CONCRETE DESERT: A David Mapstone Mystery
One good thing you can say about this pedestrian-plotted, cliché-ridden debut is that the narrator, Phoenix-born cop turned college history teacher David Mapstone, knows an interesting historical anecdote when he hears one. Tales of the rise of Phoenix, Ariz., from provincial city (with a small-town feel) to blighted metropolis are the best parts of the book. Unfortunately, Talton's familiarity with the city's history is no compensation for his over-familiarity with the conventions of the mystery novel. After being denied tenure for his resistance to "non-linearity," Mapstone returns to the Phoenix force as a consultant on long-unsolved cases. His latest assignment is the 40-year-old discovery of a young woman strangled in the desert. Her death matches a series of such murders that occurred at the time. Legend has it these were the work of the unseen, unapprehended "Creeper," whose nefarious deeds ceased as mysteriously as they began. Was the woman a victim of Phoenix's first serial killer? Mapstone's investigation is interrupted by the appearance of an old flame, his first true love. She appeals to him to help find her sister, who has disappeared. Need we add that the two cases wend their way to homicide? Talton is a competent writer. His idea of a historian-detective investigating old cases is an excellent one, and his historical anecdotes are genuinely interesting. But the plotting and the characters are just too—historical. (July 9)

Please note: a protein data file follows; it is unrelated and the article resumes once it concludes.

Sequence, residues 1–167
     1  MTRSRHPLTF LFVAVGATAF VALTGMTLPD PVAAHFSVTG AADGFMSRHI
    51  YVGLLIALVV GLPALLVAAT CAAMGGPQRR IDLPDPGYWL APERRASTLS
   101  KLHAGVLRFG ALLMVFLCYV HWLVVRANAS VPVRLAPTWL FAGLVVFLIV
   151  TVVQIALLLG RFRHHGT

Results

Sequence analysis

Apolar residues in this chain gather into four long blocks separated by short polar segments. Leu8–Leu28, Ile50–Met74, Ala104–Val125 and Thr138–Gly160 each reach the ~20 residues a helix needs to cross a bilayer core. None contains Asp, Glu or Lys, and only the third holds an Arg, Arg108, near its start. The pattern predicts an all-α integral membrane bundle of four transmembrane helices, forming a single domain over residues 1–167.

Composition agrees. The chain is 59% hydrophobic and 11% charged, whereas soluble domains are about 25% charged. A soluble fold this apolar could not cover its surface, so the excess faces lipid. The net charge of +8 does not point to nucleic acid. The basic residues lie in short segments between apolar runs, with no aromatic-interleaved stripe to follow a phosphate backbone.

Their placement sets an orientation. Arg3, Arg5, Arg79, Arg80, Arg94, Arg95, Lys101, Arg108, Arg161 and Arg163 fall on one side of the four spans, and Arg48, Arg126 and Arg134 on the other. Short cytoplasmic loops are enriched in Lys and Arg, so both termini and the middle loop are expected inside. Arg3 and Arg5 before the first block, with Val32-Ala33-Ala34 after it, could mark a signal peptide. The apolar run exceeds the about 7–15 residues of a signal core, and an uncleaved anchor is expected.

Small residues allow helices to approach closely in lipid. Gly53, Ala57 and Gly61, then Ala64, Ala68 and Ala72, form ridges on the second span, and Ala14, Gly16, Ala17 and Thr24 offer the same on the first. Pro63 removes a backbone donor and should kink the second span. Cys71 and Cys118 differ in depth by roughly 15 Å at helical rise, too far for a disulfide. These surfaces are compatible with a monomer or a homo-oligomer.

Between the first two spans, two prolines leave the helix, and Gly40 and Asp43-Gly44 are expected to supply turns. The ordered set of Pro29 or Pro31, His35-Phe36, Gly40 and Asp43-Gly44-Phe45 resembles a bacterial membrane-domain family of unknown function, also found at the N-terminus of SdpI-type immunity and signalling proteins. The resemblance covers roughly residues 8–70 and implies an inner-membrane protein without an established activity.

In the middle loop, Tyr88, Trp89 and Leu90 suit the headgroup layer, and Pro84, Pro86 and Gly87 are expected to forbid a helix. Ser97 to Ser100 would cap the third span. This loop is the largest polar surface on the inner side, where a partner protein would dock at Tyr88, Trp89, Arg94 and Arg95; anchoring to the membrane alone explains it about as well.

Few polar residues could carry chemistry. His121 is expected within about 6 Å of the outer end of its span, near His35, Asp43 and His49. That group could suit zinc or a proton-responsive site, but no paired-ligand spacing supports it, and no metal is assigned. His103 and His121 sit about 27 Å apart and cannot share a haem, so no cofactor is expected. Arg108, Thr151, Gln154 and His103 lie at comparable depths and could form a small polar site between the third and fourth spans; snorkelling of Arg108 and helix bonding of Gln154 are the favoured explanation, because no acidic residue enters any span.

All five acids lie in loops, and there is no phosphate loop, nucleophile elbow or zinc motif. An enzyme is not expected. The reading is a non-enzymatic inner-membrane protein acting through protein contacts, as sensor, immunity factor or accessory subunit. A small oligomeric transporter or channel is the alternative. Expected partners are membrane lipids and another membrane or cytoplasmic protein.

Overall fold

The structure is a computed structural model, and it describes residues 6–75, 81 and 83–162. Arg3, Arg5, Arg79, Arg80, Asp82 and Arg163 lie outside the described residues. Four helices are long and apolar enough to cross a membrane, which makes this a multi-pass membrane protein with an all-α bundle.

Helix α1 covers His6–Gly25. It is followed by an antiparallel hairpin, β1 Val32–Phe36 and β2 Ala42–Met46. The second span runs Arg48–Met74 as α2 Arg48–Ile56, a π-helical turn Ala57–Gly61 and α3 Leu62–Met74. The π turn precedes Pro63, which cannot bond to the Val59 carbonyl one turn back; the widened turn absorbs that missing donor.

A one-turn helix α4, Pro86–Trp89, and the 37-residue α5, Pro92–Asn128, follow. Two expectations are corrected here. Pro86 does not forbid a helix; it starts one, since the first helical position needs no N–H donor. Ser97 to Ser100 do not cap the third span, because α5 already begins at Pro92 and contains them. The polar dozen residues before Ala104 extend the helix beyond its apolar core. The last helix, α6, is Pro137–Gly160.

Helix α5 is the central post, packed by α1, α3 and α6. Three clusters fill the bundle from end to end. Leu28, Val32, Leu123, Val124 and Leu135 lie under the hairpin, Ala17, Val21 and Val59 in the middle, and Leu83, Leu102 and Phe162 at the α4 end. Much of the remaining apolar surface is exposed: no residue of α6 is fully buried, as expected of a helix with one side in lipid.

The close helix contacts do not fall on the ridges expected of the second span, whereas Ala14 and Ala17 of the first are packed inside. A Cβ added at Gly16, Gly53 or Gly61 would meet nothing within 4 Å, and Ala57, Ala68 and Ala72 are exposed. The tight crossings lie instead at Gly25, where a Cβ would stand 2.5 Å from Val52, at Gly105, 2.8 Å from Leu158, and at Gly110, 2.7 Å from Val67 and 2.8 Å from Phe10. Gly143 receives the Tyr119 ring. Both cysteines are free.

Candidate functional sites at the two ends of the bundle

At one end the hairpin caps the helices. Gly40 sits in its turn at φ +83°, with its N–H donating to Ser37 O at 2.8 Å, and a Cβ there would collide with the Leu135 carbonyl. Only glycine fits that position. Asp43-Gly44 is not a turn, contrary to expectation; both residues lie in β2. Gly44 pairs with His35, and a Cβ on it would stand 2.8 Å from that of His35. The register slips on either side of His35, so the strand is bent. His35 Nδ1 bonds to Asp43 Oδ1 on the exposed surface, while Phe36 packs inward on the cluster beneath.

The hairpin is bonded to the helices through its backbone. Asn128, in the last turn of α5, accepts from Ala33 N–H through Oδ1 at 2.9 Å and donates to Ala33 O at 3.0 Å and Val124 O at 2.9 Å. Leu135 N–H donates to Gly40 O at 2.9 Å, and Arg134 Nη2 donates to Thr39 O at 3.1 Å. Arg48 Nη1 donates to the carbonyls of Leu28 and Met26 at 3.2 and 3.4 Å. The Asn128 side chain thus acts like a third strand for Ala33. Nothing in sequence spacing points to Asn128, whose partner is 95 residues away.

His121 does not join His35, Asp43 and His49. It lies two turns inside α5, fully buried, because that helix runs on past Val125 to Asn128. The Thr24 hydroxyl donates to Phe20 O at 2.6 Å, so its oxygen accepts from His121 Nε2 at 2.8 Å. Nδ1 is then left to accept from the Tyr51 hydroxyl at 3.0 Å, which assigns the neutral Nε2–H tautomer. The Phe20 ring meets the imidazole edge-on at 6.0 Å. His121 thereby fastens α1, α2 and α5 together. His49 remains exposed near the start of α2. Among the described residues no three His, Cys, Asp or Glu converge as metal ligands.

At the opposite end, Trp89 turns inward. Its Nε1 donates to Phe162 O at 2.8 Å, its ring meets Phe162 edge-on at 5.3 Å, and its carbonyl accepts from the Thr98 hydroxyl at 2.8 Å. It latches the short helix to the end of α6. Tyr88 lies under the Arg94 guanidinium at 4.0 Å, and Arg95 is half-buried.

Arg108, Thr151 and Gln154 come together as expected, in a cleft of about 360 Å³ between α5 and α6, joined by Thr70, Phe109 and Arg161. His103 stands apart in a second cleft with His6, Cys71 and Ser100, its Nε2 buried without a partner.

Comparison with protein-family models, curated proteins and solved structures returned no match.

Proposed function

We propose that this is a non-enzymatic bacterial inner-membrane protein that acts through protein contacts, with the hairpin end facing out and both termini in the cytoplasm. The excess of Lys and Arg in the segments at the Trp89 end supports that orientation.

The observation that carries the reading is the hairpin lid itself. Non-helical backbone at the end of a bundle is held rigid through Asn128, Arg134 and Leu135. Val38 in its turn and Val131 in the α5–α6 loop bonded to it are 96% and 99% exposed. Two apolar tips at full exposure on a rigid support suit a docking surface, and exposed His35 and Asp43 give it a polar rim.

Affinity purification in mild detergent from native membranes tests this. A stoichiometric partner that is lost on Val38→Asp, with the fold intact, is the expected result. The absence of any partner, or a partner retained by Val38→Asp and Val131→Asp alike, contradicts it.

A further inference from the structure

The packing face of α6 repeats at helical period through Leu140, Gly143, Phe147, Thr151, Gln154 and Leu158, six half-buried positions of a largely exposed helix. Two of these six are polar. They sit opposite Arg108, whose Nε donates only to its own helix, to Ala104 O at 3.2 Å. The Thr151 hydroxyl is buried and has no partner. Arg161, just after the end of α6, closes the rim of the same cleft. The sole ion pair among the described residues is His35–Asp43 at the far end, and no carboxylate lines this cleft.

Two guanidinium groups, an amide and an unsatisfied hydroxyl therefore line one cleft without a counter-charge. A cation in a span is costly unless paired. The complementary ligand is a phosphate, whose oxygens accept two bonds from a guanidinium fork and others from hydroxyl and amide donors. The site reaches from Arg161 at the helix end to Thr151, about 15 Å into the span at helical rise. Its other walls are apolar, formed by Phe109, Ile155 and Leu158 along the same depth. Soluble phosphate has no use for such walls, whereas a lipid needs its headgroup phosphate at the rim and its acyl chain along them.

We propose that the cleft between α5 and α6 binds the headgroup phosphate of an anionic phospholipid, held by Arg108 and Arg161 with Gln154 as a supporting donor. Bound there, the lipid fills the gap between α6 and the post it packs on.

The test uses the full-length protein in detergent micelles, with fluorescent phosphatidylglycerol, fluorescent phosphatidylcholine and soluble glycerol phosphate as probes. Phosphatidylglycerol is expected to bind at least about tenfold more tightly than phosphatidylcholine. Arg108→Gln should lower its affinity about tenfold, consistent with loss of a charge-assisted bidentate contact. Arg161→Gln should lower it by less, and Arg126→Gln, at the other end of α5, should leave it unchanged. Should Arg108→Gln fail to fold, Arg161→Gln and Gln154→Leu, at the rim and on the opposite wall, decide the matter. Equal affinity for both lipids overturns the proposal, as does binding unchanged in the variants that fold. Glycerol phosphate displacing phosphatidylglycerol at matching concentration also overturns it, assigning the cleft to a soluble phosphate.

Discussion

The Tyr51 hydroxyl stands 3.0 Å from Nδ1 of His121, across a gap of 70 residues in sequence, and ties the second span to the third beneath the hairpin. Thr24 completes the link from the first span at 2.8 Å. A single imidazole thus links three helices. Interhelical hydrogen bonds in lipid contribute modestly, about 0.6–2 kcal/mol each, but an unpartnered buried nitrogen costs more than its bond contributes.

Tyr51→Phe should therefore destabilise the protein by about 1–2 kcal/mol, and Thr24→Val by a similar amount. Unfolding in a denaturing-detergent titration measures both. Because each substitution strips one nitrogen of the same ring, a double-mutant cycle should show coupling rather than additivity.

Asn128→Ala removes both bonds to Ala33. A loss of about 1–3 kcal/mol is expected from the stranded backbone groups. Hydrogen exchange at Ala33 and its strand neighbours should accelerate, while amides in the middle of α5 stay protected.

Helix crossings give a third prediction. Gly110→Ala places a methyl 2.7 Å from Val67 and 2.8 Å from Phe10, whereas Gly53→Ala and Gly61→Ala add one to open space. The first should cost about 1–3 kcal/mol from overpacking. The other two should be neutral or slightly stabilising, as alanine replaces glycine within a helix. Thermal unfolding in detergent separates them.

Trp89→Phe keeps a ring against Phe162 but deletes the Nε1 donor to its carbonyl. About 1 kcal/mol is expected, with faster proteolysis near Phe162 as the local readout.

Forecast : Dry.